Thursday, November 20, 2014

Risk News: Conflicts & Disqualification (Accusations & Attempts)


First, from Law360 (paywall/free trial): "Wiley Rein Fights Atty's DQ Bid In Continental Policy Suit" --
  •  "Wiley Rein LLP on Monday told a New York federal judge that the firm shouldn’t be disqualified from representing Continental Casualty Co. in a dispute with an attorney over a professional liability policy, saying that the attorney hadn’t shown that the firm would offer testimony prejudicial to him during trial."
  • "Darius Marzec of the Marzec Law Firm PC had sought last month to disqualify the entire firm from representing Continental under the New York Rules of Professional Conduct’s witness advocate rule, which precludes attorneys from acting as advocates if they are likely to be a witness in the trial. Marzec had argued that the rule was triggered because the firm had represented Continental when it denied his claim for coverage."
  • "But Wiley Rein argued that not only was Marzec’s argument premature because the rule is triggered only during a trial, he could only speculate as to the firm’s role in issuing Continental’s coverage correspondence."
  • "'Mr. Marzec cannot possibly have personal knowledge of how Continental conducted its coverage investigation or made its coverage decisions. Thus, there simply is no factual basis for concluding that any of Continental’s attorneys are likely to be witnesses at a trial in this matter,' the motion stated."
Next, via the Lawyer comes: "China oil giant CNOOC breaks ties with Baker & McKenzie after internal investigation finds conflict of interest" with additional detail from the Wall Street Journal --
  • "The Chinese energy company China National Offshore Oil Corp. said it sanctioned one of its top lawyers for conflicts of interest with Baker & McKenzie, a U.S. law firm that has often represented it and that in Beijing is led by the woman’s husband."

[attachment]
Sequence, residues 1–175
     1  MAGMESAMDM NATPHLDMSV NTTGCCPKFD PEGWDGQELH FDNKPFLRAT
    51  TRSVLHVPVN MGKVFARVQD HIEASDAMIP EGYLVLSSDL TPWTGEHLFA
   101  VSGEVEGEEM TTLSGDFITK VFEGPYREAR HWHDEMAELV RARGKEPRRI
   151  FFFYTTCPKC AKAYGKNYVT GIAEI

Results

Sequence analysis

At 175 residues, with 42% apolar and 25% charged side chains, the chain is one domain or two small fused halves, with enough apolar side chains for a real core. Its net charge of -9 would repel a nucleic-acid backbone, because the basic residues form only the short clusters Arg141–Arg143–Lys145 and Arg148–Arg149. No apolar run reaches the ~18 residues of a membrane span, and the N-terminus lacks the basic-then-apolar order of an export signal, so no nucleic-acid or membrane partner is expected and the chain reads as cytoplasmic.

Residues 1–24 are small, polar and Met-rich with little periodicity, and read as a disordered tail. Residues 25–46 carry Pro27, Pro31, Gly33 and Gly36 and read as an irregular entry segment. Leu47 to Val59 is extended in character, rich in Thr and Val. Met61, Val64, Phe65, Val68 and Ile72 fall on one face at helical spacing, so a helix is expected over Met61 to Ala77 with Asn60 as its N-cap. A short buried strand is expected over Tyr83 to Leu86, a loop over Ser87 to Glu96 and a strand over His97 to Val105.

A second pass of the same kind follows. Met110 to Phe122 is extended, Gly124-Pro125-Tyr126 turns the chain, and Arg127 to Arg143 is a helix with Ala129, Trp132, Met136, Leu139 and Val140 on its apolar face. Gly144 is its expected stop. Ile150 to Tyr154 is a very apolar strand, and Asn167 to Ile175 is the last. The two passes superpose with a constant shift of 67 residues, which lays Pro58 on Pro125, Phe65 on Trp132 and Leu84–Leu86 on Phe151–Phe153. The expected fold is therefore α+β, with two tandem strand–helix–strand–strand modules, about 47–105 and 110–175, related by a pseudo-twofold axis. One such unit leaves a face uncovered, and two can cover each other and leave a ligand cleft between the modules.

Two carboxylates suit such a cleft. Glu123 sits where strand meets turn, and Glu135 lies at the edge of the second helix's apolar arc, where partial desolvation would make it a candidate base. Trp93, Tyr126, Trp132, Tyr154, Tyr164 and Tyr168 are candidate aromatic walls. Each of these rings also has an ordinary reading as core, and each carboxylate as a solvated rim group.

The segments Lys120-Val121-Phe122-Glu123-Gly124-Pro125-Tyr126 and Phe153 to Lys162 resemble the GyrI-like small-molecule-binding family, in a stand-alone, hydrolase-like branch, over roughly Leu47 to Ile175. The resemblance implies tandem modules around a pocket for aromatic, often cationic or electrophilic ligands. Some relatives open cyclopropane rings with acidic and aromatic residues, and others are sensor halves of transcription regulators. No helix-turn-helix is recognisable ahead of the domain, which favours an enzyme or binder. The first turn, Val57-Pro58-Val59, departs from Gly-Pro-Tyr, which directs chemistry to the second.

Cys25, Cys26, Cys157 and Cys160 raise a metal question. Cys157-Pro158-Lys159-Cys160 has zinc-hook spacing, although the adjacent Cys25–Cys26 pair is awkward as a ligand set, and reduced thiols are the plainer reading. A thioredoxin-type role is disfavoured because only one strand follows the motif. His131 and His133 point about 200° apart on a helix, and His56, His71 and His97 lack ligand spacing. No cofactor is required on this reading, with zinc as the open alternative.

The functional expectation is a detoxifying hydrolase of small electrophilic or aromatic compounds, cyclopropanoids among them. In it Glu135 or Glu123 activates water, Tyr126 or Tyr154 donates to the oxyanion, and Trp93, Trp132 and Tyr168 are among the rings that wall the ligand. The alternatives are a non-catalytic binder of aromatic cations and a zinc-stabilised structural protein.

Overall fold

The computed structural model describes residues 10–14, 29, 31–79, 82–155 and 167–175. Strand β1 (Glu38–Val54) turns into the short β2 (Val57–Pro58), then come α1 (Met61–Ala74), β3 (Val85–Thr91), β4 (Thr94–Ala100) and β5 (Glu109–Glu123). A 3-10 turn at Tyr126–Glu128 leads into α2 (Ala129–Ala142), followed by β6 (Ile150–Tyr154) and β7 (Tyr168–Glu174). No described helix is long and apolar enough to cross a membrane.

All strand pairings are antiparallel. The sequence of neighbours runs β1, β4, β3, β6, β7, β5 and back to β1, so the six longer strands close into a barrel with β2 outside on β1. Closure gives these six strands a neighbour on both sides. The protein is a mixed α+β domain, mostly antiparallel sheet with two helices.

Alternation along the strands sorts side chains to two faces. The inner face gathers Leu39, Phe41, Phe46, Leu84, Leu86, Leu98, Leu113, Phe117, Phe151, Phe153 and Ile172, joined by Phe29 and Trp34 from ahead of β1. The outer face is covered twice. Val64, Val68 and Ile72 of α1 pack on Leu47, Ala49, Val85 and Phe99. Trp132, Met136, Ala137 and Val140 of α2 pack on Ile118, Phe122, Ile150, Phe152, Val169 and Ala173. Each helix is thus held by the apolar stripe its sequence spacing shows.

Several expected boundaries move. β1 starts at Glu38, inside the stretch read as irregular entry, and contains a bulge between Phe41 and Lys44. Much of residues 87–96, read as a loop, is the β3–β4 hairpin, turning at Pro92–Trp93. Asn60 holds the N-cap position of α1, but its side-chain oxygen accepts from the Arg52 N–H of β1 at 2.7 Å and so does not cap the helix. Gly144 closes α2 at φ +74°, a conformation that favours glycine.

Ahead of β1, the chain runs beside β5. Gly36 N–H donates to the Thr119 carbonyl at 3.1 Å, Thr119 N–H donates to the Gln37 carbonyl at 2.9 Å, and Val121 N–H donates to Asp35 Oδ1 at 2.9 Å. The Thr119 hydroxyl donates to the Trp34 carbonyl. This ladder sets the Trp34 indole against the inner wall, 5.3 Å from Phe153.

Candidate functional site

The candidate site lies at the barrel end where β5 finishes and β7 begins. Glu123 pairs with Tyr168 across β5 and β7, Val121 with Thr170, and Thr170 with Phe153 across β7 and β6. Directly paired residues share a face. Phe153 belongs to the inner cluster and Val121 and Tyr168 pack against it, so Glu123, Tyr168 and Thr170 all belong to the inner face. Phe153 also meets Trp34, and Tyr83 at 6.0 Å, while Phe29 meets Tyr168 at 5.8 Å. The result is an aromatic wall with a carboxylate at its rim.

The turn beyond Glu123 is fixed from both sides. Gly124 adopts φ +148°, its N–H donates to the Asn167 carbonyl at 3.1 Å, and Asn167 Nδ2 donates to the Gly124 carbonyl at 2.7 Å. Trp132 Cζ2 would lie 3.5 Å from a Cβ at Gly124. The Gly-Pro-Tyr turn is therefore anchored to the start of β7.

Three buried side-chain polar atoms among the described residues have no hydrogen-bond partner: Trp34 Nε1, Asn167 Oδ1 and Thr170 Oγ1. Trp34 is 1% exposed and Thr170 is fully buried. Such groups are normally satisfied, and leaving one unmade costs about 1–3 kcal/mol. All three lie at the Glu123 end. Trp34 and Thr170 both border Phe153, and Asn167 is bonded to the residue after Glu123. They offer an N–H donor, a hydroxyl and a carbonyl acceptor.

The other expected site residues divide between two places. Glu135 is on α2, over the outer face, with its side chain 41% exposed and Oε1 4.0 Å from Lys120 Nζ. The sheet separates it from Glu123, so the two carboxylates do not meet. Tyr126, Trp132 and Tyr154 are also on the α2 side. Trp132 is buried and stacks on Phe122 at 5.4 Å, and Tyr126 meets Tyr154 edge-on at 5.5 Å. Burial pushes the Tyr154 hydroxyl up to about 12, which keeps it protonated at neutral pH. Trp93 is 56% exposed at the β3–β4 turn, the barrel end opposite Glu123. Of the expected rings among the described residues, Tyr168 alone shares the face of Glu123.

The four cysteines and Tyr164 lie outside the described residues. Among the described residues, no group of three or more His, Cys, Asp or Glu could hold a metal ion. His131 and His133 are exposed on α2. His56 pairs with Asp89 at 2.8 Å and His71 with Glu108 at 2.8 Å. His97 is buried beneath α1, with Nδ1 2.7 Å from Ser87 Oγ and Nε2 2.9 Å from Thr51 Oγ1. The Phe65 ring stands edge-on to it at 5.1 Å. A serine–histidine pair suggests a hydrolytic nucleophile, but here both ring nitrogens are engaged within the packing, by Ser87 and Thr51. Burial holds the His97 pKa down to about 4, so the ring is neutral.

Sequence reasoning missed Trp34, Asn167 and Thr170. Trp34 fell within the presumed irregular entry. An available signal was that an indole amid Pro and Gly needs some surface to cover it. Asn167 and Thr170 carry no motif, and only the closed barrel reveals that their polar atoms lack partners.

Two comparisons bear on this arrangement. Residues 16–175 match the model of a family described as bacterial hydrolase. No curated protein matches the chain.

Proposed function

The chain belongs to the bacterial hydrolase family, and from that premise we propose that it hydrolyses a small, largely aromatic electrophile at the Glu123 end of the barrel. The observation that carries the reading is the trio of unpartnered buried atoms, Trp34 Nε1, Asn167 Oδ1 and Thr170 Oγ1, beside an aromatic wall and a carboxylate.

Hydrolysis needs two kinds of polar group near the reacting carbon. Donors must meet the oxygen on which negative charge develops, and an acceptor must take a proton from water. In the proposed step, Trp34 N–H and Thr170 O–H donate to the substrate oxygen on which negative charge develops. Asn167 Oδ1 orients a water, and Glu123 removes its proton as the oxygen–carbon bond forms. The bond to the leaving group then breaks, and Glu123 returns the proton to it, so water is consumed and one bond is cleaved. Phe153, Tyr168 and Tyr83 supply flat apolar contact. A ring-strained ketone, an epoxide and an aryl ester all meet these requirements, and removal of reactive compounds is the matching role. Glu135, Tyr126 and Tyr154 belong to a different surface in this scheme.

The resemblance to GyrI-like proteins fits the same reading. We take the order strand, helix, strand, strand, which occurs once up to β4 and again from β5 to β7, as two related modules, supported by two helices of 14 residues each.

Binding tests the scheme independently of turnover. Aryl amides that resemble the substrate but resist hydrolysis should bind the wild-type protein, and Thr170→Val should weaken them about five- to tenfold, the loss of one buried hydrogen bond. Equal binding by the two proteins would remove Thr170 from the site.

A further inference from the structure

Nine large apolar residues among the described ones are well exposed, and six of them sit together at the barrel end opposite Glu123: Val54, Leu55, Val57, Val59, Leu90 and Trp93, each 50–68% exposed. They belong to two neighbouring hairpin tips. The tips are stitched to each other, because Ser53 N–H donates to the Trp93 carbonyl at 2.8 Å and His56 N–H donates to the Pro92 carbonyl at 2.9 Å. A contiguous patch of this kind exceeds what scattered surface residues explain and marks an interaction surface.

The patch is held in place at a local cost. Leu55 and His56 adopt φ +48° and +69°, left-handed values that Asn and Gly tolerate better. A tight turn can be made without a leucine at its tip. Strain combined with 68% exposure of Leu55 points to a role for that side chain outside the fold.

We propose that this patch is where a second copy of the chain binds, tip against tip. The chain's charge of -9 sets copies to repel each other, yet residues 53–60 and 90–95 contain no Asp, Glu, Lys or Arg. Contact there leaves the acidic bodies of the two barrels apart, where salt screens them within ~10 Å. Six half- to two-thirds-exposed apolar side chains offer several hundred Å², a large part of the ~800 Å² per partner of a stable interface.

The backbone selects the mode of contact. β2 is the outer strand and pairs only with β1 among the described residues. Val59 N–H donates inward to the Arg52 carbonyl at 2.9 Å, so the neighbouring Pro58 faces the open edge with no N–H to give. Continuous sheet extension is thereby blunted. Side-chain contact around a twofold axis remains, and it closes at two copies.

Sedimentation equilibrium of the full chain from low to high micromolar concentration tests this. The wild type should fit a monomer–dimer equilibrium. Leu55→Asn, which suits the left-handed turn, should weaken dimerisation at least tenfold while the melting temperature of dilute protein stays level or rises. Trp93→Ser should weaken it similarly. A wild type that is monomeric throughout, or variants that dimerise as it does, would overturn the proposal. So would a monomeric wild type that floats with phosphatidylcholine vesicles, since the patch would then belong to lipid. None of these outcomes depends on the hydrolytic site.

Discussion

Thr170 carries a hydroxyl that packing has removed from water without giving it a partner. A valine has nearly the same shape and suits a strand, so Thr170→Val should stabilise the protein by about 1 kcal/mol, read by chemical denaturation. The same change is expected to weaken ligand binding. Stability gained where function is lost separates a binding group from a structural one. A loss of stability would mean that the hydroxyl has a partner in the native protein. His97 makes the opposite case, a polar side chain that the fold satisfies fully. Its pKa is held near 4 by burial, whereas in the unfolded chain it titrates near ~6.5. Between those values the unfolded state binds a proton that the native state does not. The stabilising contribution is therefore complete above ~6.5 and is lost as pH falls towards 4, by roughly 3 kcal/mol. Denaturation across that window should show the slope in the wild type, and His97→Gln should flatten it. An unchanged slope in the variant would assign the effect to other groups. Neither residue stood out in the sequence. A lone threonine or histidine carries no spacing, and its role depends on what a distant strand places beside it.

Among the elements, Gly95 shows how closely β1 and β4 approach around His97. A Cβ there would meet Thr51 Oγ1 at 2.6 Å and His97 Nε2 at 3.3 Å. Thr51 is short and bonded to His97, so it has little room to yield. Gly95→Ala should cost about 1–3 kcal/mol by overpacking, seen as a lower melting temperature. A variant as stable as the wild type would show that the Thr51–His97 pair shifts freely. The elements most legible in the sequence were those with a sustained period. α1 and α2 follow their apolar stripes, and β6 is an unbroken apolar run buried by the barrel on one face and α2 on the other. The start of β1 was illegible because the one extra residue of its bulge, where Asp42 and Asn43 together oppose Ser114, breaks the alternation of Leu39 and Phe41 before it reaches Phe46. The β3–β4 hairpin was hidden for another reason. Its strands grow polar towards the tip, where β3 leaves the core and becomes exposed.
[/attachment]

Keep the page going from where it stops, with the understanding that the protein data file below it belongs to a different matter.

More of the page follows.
• " Cnooc said it found that Karen Kang Xin violated unspecified national regulations and its corporate policies by accepting trips to Europe and Australia paid for by Baker, and that she subsequently helped the law firm win legal work. The note, which was reviewed by The Wall Street Journal, said Ms. Kang dated and then married Baker’s chief representative in Beijing, Stanley Jia Dianan, 'and did not withdraw from the conflict of interest after the marriage.'"
  • "By citing the U.S. law firm by name in its allegations, Cnooc’s letter adds an international dimension to corruption investigations in China’s oil industry that have rocked the sector for more than year."
  • "In response to questions Monday, Baker said in a written statement that it 'has strict rules and guidelines about professional conduct. Based on all of the information we have reviewed, we have not identified any breach of any professional rules or internal Baker & McKenzie rules by our attorneys or employees in this matter.'"

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